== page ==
With average scoring I'll be at hole 111 with opponent dealing from hole 109* on the ninth deal. The discards of interest are 6-8, 6-10 and 6-J. Obviously keeping the J will deny opponent one point for nibs about 25% of the time (for a net swing of 2 holes), whereas keeping the 10 will gain five points with a 9 starter (three for run and two for 15) about 9% of the time. The alternative to these two safe plays is the aggressive 6-8 toss, which risks giving up a big crib, but is more likely to keep me in position.

The game will likely end on deal 9, 10 or 11. My best chance for a win is to count out on deal 10 or peg out on deal 11. Calculating the overall winning chances for the three discards, it appears that the choices come out very close. But on average I should win about 57% of the time by discarding 6-8, which is a little better than I'll fare switching to defensive play this early in the game.

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Dan Barlow won the 1980 National Open Cribbage Tournament, and made the 1985 All American Cribbage Team. His cribbage strategy articles appeared in Cribbage World for many years, and can be seen on the ACC Web site. He also provides strategy tips at MSN Gaming Zone. He has written seven books on cribbage, two of which have been glowingly reviewed in Games Magazine. All, including his latest book Winning Cribbage Tips, are available at The Cribbage Bookstore.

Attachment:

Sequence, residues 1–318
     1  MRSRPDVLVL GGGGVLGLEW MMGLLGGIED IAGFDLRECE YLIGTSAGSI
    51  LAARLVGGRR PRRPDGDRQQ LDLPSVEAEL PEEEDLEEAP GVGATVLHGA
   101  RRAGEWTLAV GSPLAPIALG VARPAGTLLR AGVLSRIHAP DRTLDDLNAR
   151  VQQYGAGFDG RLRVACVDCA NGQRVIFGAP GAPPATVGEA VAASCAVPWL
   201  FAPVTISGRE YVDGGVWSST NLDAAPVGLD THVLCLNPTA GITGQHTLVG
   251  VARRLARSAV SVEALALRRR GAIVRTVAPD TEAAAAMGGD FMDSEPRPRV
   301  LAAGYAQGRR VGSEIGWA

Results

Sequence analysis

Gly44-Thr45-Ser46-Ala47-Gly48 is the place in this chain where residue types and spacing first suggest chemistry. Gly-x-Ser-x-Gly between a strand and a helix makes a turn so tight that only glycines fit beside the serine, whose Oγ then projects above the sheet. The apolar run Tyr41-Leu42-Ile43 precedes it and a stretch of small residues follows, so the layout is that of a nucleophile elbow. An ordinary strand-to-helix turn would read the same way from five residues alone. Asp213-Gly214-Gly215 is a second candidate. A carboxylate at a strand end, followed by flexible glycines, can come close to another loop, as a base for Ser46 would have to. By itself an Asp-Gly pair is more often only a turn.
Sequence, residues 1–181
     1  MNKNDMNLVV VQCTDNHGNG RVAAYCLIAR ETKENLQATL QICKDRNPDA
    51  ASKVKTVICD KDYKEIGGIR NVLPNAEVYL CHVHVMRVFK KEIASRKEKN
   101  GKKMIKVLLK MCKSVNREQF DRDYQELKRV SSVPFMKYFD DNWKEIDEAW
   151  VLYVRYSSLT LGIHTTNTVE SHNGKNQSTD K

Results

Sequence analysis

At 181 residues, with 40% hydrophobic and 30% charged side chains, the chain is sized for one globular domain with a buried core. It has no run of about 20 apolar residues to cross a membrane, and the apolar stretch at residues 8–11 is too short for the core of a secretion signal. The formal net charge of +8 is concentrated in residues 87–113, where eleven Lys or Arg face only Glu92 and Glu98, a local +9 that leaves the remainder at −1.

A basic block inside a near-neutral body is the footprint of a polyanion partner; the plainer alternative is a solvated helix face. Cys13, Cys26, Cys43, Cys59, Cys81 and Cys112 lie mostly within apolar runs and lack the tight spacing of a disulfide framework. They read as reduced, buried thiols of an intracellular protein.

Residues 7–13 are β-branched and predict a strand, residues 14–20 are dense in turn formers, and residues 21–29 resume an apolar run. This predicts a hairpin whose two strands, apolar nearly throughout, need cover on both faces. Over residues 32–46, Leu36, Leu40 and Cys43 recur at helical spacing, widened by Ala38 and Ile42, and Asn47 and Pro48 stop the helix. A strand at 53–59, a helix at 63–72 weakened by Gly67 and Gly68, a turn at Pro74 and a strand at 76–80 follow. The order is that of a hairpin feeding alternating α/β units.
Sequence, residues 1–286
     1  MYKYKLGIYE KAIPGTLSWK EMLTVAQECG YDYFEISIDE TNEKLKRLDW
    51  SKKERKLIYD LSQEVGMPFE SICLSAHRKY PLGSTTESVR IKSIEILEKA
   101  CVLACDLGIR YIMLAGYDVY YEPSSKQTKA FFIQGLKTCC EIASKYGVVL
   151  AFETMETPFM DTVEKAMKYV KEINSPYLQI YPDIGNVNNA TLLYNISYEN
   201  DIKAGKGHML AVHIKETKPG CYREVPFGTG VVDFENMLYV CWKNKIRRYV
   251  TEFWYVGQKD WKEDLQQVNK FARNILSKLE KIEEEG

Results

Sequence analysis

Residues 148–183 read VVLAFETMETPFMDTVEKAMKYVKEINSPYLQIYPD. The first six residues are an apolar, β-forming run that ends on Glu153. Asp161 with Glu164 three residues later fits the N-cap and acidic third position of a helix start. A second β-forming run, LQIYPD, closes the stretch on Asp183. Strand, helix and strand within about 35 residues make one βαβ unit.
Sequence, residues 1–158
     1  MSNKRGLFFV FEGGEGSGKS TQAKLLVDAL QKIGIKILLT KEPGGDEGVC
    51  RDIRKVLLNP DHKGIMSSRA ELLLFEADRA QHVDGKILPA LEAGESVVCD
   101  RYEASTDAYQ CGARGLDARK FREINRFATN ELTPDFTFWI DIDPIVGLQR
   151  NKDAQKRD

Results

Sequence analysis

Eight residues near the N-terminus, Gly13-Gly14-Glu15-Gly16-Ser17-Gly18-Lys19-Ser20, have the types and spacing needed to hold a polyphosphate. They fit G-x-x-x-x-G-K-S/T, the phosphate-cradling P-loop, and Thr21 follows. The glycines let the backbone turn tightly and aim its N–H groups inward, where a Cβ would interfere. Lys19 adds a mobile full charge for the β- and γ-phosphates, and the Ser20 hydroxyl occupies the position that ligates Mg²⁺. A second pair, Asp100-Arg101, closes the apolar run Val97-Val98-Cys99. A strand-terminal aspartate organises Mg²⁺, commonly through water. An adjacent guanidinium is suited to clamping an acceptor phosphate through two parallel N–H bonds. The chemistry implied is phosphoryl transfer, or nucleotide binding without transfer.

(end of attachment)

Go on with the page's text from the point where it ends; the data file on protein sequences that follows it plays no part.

John Chambers was one of the original founding members of the ACC. He is a Grand Master, winner of seven major tournaments, and author of Cribbage: A New Concept, He also directs three annual tournaments: the Ocean State Cribbage Classic, New England Peer Championship and Charity Cribbage Challenge.

DeLynn Colvert (1931–2019) is the highest rated tournament player in the history of organized cribbage. He was a five-time National Champion, author of Play Winning Cribbage, longtime editor of the monthly magazine Cribbage World, and the ACC's only Life Master - Seven Stars. He also directed two annual tournaments in Missoula, MT, served as the ACC's President, and was one of the game's most affable emissaries. It's scarcely an exaggeration to say that Colvert's career defines modern cribbage.